2341. Advanced Lightweight Aircraft Fuselage Structure – Phase I


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J C Johnson: 2341. Advanced Lightweight Aircraft Fuselage Structure – Phase I. 1996.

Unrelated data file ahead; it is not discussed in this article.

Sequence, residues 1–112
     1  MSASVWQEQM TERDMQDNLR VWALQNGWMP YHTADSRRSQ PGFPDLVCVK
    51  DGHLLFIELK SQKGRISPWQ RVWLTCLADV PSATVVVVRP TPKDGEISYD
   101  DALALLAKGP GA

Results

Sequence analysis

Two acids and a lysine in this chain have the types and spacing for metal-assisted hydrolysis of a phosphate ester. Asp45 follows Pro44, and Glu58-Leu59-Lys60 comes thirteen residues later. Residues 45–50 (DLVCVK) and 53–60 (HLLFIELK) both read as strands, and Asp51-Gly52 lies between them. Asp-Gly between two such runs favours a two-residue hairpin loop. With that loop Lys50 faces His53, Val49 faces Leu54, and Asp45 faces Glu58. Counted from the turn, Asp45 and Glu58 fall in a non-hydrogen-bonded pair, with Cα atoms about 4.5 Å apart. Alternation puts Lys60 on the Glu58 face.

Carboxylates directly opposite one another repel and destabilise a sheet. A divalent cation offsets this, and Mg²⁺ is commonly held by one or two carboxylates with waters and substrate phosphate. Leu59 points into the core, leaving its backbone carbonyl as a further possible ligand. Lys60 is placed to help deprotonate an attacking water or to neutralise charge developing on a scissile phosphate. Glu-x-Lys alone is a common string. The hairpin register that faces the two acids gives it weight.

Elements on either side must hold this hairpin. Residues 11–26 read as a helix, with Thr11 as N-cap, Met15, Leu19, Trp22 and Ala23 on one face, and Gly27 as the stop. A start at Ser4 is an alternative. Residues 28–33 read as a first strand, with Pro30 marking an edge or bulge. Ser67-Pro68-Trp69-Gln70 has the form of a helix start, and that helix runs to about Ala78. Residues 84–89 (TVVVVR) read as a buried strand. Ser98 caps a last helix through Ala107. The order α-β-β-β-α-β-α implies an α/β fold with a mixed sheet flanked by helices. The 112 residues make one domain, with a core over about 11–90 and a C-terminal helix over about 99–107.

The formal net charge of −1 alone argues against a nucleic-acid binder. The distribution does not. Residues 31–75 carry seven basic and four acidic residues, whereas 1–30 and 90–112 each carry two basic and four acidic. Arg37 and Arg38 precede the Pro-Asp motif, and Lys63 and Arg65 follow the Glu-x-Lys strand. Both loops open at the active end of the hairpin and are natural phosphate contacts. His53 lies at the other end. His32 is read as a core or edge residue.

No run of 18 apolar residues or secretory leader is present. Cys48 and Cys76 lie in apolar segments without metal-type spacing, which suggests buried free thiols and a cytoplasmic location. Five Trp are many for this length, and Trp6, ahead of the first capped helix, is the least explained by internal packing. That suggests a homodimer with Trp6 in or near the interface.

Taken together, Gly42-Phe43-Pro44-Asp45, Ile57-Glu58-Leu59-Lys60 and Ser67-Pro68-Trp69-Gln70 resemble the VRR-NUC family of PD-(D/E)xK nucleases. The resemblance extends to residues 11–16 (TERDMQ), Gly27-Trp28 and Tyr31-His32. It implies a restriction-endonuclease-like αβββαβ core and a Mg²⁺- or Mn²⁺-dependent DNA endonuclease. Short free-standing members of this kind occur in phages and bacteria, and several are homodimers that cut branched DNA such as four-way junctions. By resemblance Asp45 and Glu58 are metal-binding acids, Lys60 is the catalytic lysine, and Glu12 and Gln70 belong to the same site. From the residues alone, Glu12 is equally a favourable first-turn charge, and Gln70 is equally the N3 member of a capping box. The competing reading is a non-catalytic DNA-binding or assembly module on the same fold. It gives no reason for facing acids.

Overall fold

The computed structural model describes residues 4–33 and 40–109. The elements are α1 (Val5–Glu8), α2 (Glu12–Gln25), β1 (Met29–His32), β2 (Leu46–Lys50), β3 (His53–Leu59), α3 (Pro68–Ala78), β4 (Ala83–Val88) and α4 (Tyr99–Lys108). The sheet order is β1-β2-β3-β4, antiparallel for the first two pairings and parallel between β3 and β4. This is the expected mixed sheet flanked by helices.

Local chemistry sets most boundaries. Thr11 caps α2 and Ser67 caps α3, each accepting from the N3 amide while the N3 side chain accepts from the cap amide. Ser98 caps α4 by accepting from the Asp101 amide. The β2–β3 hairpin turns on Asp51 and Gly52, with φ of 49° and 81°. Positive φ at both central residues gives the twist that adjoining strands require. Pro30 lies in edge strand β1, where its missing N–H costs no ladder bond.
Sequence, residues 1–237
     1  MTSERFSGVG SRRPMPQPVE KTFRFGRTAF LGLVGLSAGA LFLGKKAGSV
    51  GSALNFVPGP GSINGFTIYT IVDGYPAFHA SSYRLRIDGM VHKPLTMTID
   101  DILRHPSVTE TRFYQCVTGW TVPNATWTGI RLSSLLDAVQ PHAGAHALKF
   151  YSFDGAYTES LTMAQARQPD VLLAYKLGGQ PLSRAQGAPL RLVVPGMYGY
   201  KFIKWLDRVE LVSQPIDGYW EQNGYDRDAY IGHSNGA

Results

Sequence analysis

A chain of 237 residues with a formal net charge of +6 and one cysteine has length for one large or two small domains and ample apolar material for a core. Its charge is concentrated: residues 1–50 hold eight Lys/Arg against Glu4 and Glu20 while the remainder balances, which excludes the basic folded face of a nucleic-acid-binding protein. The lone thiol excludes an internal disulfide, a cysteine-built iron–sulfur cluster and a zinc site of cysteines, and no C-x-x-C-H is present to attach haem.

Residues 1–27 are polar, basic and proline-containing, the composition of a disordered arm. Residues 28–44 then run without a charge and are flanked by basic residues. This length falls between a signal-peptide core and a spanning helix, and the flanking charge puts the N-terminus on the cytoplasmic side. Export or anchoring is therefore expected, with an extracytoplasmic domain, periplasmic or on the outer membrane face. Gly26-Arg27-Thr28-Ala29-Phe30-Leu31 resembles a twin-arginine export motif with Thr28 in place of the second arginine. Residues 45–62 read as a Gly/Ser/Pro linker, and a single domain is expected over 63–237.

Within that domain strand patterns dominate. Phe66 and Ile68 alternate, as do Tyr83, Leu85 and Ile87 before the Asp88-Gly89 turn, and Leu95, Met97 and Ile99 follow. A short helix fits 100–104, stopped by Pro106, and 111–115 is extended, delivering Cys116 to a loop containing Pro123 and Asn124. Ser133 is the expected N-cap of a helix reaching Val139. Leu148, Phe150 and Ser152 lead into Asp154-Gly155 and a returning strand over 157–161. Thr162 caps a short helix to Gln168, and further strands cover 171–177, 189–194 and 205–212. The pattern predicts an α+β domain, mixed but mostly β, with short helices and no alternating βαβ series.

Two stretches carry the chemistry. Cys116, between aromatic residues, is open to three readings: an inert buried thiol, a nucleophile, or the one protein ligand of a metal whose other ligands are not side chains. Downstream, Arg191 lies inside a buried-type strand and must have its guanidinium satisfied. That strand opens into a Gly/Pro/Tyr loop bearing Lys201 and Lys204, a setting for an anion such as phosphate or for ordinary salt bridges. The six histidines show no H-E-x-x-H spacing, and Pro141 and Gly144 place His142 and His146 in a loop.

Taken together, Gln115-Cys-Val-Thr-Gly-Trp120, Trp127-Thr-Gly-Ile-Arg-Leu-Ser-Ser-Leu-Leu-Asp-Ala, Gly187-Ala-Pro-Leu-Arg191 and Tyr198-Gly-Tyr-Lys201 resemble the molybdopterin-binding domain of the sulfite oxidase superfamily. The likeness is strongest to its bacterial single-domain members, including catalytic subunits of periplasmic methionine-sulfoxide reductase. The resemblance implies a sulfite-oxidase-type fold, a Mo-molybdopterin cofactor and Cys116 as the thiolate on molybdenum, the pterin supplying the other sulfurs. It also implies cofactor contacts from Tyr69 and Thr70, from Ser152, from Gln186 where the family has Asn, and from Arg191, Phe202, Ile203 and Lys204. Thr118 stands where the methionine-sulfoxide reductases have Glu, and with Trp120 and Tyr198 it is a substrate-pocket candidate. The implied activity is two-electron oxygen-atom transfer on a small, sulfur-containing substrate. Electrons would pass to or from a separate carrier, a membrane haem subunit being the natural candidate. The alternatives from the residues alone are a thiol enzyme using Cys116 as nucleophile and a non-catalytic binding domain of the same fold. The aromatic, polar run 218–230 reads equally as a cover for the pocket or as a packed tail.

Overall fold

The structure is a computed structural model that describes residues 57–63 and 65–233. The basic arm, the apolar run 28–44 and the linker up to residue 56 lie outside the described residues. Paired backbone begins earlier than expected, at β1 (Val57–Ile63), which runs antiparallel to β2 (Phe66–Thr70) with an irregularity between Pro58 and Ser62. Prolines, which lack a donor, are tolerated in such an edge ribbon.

Advanced structural technologies are key to the Joint Strike Fighter (JSF) aircraft’s affordability, effectiveness, and risk. Early consideration of improved designs and processes reduces risk and increases performance. Identifying optimum load paths early helps develop manufacturing techniques and mature the configuration. Advanced composite manufacturing techniques such as resin transfer molding (RTM), resin film infusion (RFI), fiber placement, and braiding are important affordability initiatives. Co-curing, co-bonding, and advanced fastening processes must also be considered to reduce both weight and cost. ALAFS (Advanced Lightweight Aircraft Fuselage Structure) is a JAST (Joint Advanced Strike Technology) Structures and Materials Technology Maturation program. ALAFS addresses many of the structures and materials issues facing JSF through demonstrations of emerging and new technologies via the design, fabrication, and test of full-scale center fuselage/inner wing hardware. The F/A-18E/F center fuselage and inner wing were selected as the ALAFS baseline to provide a well-defined cost and weight database as well as a complete, customer-approved set of design, manufacturing, and support requirements. This ensures the ALAFS designs and manufacturing methods are suitable to production and fleet environments. ALAFS Phase I utilizes an innovative approach to structural arrangement, concept development and selection. Instead of ”Brainstorming” several specific arrangements, the design team identified the major influences of cost and weight on an integrated center fuselage/inner wing structure. For each of those ”design factors”, two concepts were created. the resulting design space covers one hundred twenty-eight potential configurations – too many to be evaluated during ALAFS Phase I. Therefore, the team applied the Taguchi design-of-experiments approach to represent the entire design space using only eight concepts. Finite Element Model Weight Analysis (FEMWTS) techniques were used extensively to shorten the time required to estimate the weight of each of the eight Taguchi concepts. From these development and performance evaluations, the team was able to identify which design factors truly influence cost and weight, and which combinations of concepts provides the lowest cost and weight.


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